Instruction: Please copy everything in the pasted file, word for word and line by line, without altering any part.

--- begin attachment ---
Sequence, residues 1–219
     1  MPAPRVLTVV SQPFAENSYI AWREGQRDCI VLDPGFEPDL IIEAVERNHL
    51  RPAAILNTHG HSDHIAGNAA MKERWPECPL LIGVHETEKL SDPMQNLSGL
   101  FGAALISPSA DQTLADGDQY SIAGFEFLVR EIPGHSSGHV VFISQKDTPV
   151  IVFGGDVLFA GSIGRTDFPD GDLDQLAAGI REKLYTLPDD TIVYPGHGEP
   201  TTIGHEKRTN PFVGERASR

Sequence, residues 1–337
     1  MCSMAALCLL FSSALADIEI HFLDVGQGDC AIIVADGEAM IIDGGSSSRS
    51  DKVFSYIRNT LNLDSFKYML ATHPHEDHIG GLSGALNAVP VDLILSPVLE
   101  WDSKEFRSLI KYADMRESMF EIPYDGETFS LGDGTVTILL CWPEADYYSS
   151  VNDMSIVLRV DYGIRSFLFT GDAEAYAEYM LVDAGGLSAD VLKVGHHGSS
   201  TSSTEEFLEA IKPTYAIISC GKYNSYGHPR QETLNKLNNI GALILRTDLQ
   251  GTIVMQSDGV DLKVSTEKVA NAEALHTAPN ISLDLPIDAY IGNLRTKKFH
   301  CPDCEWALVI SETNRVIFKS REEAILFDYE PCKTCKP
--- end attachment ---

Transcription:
Sequence, residues 1–219
     1  MPAPRVLTVV SQPFAENSYI AWREGQRDCI VLDPGFEPDL IIEAVERNHL
    51  RPAAILNTHG HSDHIAGNAA MKERWPECPL LIGVHETEKL SDPMQNLSGL
   101  FGAALISPSA DQTLADGDQY SIAGFEFLVR EIPGHSSGHV VFISQKDTPV
   151  IVFGGDVLFA GSIGRTDFPD GDLDQLAAGI REKLYTLPDD TIVYPGHGEP
   201  TTIGHEKRTN PFVGERASR

Sequence, residues 1–337
     1  MCSMAALCLL FSSALADIEI HFLDVGQGDC AIIVADGEAM IIDGGSSSRS
    51  DKVFSYIRNT LNLDSFKYML ATHPHEDHIG GLSGALNAVP VDLILSPVLE
   101  WDSKEFRSLI KYADMRESMF EIPYDGETFS LGDGTVTILL CWPEADYYSS
   151  VNDMSIVLRV DYGIRSFLFT GDAEAYAEYM LVDAGGLSAD VLKVGHHGSS
   201  TSSTEEFLEA IKPTYAIISC GKYNSYGHPR QETLNKLNNI GALILRTDLQ
   251  GTIVMQSDGV DLKVSTEKVA NAEALHTAPN ISLDLPIDAY IGNLRTKKFH
   301  CPDCEWALVI SETNRVIFKS REEAILFDYE PCKTCKP